"Despite Support, Former Lawmaker Ousted From Statewide Race" was first published by The Texas Tribune, a nonprofit, nonpartisan media organization that informs Texans — and engages with them — about public policy, politics, government and statewide issues.
Former Texas Rep. Lon Burnam went into Tuesday’s Democratic primary for a spot on the Texas Railroad Commission with a litany of high-profile endorsements — from top party officials, watchdog groups and six major Texas newspapers.
But the longtime Fort Worth lawmaker will exit the race empty-handed, failing to advance to a runoff that will feature two candidates who spent less money and have never held public office.
His loss illustrates how unpredictable a down-ballot race can be, particularly for the perennially misunderstood office of railroad commissioner — an oil and gas regulator that has nothing to do with trains.
Grady Yarbrough, a former schoolteacher from San Antonio, will advance to a runoff against Cody Garrett, a former party campaign director and journalist from the Austin area. The winner of that runoff will face the winner of the GOP primary: either real estate mogul Gary Gates or former state Rep. Wayne Christian.
A Democrat hasn’t sat on the three-member commission in more than two decades.
Burnam represented House District 90 from 1997 to 2014, where he solidified relationships with state environmental and consumer groups — those engaged in Railroad Commission issues — by advocating for more scrutiny of the petroleum industry.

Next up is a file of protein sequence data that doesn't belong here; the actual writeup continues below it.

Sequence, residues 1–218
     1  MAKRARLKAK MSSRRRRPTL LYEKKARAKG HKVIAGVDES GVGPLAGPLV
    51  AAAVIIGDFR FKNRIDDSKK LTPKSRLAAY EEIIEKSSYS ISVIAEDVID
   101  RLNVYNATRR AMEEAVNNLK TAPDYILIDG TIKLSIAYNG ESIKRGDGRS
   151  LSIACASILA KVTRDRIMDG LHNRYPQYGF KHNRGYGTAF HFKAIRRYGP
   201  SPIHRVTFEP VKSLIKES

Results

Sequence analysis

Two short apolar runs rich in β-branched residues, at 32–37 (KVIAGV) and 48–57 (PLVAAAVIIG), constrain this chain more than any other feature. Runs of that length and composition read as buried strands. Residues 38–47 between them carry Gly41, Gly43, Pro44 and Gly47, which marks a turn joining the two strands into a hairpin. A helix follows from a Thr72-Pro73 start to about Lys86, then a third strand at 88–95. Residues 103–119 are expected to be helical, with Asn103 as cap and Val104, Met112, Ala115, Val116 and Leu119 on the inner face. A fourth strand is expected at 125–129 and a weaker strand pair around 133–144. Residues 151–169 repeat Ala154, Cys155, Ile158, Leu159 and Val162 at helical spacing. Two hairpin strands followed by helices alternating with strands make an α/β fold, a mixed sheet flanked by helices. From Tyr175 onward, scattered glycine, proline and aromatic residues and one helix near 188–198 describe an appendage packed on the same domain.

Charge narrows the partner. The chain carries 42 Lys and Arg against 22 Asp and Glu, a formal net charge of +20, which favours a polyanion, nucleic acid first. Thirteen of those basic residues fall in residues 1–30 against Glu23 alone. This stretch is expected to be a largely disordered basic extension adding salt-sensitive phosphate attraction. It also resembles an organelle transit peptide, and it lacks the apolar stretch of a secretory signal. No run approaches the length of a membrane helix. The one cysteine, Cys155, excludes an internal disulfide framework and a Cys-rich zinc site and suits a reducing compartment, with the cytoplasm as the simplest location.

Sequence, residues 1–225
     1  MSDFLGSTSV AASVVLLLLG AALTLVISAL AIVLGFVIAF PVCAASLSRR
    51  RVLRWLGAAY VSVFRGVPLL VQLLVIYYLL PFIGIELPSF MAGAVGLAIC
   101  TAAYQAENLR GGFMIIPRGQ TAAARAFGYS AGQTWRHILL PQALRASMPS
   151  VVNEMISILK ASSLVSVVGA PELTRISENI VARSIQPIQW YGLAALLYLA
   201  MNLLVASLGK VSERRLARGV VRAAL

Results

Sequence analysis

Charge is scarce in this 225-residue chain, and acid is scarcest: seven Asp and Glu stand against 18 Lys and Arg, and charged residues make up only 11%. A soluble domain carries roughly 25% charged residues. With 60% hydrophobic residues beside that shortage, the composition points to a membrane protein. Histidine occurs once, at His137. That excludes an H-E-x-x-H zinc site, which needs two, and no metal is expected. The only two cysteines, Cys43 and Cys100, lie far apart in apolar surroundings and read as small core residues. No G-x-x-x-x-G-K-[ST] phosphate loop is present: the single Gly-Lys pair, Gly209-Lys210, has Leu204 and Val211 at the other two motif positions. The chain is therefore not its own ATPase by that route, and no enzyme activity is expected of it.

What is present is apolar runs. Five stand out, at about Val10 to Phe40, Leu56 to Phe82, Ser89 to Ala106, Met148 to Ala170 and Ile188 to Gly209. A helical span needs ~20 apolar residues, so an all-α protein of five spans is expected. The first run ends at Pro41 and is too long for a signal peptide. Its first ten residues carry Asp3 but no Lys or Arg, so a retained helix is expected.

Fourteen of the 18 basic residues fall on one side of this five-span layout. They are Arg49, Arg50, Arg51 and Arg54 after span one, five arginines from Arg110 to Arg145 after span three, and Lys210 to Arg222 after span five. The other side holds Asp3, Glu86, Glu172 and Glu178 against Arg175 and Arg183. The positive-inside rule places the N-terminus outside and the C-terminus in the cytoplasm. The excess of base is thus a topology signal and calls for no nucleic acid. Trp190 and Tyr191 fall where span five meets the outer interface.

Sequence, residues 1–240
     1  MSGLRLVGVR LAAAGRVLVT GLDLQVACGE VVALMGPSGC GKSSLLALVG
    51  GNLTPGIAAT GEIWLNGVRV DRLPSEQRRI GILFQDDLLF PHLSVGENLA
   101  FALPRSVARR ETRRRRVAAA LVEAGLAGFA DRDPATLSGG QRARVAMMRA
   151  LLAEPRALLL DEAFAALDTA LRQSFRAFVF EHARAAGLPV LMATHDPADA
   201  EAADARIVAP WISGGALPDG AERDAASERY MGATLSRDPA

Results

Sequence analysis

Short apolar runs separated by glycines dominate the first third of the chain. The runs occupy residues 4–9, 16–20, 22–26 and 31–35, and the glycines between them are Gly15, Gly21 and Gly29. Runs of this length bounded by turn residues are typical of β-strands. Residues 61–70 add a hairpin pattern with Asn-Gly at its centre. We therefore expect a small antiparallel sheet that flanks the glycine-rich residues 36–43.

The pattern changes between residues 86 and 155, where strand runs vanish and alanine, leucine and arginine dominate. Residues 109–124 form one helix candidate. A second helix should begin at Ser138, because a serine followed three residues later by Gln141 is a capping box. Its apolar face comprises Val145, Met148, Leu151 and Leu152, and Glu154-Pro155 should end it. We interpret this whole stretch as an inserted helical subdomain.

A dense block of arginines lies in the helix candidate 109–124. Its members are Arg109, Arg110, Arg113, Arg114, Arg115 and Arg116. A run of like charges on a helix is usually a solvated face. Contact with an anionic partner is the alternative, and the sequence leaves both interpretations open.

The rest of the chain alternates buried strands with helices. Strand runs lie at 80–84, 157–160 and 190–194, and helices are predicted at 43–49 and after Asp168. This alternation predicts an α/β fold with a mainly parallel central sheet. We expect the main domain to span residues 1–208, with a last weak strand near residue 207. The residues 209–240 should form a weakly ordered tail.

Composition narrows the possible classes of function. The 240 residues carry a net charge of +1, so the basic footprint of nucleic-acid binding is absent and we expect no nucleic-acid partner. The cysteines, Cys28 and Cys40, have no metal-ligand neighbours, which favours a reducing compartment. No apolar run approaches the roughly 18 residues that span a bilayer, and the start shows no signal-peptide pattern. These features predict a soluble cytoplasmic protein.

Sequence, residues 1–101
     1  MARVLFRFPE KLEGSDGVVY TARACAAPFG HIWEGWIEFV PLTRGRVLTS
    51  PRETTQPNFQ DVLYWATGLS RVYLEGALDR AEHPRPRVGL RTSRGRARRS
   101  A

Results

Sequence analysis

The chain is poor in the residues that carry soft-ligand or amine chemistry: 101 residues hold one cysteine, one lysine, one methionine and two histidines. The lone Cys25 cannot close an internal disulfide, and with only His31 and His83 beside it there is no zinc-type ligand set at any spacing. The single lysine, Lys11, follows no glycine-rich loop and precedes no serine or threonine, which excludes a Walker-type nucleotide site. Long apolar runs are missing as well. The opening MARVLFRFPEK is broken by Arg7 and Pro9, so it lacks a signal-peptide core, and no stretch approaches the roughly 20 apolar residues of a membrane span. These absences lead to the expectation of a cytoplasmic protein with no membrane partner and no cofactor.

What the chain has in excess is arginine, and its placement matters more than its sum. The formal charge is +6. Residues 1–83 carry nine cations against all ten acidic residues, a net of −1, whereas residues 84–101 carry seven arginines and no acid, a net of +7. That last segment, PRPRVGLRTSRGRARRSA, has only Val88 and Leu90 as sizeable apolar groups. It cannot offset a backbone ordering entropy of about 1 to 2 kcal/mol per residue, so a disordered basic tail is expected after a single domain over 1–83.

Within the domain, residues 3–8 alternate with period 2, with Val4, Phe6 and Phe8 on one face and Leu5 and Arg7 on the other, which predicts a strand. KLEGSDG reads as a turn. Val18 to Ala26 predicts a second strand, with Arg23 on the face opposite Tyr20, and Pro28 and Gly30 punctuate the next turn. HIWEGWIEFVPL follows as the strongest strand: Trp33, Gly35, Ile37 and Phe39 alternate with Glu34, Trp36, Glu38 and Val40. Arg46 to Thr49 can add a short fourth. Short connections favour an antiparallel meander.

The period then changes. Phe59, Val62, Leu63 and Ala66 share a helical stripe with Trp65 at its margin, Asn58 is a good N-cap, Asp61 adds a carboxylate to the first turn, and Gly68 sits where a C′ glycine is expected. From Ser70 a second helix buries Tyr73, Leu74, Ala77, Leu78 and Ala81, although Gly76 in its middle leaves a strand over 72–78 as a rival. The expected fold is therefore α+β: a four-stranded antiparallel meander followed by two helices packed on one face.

His endorsements included Wendy Davis, the party’s 2014 candidate for governor; former state Sen. Leticia Van de Putte, the party’s last nominee for lieutenant governor; and two sitting congressmen — U.S. Reps. Lloyd Doggett, of Austin, and Marc Veasey, of Fort Worth.
But Burnam — who campaigned as the “progressive voice” for the commission — finished last in the three-way race, drawing just 25 percent of the vote with 80 percent of precincts reporting.
Burnam was not available to comment early Wednesday morning. But Lee Henderson, his campaign manager, said the former lawmaker "has for decades, and continues to be, the true representative of our progressive Democratic values in Texas."
Yarbrough, who does not appear to have a campaign website, took 40 percent of the vote. Garrett earned 35 percent.
Neither man has held public office, though Yarbrough ran unsuccessfully for U.S. Senate in 2012.
Railroad Commission insiders have complained and joked for years about how little everyday Texans know about the curiously named agency or the candidates vying to run it.
Burnam was among those who advocated changing its name to the Texas Energy Commission.